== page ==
The Future of Portland’s Oldest Urban Forest

Park Block Elm Tree/Alex Skousen
Park Block Elm Tree/Alex Skousen
Park Block Elm Tree/Alex Skousen

Filled with lush grass and empty beer cans, loud religious men wearing sandwich boards and murders of crows, the South Park Blocks is an integral part of any Portland State student’s experience.


The Park Blocks, according to the Oregon History Project, constitute Portland’s first ever green space. They were established in the 1870s and later purchased by the city before the turn of the 20th century. Punctuating the 12 blocks that comprise the Park’s southern portion are 3.4 million dollars worth of trees, according to a study that came out of PSU in 2005.


Perhaps most notable of the varieties that can be seen while strolling through are the elms. Back in the 1870s, the Park Blocks were planted in Lombardy Poplars, which quickly grew too large for the space according to David Hedberg of Portland’s Urban Forestry department. By the 1890s, elms trees were standing in place of the poplars.


Elms are wind-pollinated deciduous trees that originated from Central Asia twenty million years ago. They thrive on the East Coast in the US.

Park Block Trees/Alex Skousen
Park Block Trees/Alex Skousen


“Elm trees can live for quite a while. When they planted them, they planted all of the same trees at the same time. Today we wouldn’t do that…When you have a monoculture, you have a vector for [Dutch Elm Disease],” Hedberg said.


Dutch Elm Disease (DED) can spread through tree roots, human interference, or on the backs of native and European elm bark beetles. Dutch Elm Disease comes from a fungus and can be characterized by sudden wilting leaves, also known as “flagging,” as well as brown and grey discoloration on the wood of an elm tree.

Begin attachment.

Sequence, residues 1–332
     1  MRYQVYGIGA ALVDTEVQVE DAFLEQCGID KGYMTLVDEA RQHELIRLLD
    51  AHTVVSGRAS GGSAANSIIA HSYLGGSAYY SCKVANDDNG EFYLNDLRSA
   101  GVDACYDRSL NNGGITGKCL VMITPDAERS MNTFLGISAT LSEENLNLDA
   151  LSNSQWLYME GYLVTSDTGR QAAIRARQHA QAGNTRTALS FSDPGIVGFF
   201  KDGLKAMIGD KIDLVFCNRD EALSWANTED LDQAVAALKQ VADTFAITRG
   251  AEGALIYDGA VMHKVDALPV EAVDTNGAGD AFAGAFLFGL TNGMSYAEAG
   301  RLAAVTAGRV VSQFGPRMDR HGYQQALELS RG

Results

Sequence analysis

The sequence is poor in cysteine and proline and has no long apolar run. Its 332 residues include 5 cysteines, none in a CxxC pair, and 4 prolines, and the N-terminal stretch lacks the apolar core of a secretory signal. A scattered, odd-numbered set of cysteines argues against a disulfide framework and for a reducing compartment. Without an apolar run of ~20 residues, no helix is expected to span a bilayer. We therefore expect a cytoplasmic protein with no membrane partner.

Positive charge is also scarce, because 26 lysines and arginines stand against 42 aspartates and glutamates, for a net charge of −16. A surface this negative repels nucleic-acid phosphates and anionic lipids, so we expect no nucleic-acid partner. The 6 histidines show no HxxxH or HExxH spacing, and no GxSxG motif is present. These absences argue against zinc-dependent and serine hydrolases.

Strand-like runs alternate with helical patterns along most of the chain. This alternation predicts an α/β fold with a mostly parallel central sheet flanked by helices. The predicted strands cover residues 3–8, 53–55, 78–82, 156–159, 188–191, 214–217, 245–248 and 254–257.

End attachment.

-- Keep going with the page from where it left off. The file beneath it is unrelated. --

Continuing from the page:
“It wreaked havoc on urban forests in the east coast, and it got to Portland in the 1970s,” Hedberg said. In 2016, 55 elm trees in Portland were diagnosed with DED and removed—most of them by Urban Forestry.


Every three years, inoculation—akin to a vaccine— can help prevent elms from getting DED. Urban Forestry inoculates 450 elm trees in Portland on a three year rotation. “A big tree gives big benefits. We don’t want to take everything out, because then we’re starting over. There’s kind of an evaluation on that. If a tree is infected with dutch elm disease, then it’s very serious and it needs to be removed quickly and disposed of to stop the spread of disease,” Hedberg said.


Portland Parks and Recreation’s 2017-2018 Proposed Budget—set to be approved with the rest of City of Portland’s budget  in June—recommends reallocating $230,000 away from inoculation costs to help maintain the city’s Heritage trees instead. It is illegal for an elm with DED to remain standing in Portland, according to Portland Parks and Recreation.


Today, according to data released by the Portland Urban Forestry Department, there are nearly 5,000 elm trees in Portland.


Some are in the Park Blocks, and many call Laurelhurst, Ladd’s Edition, Mount Tabor, East Moreland, and Richmond home. There, various groups such as Save the Elms work to fundraise and care for trees, many of which reside on private property.


Six trees in the South Park Blocks were damaged by either winter storms or disease this year and will need to be removed this spring according to Friends of South Park Blocks—a volunteer group that advocates for the green space.


When a tree dies in the South Park Blocks, Urban Forestry removes it. “What we’re trying to do now is diversify our distribution of species, because we had that monoculture… We’re also trying to stagger plantings, so we don’t have everything planted at the same time, so we’re building a more resilient forest,” Hedberg said.

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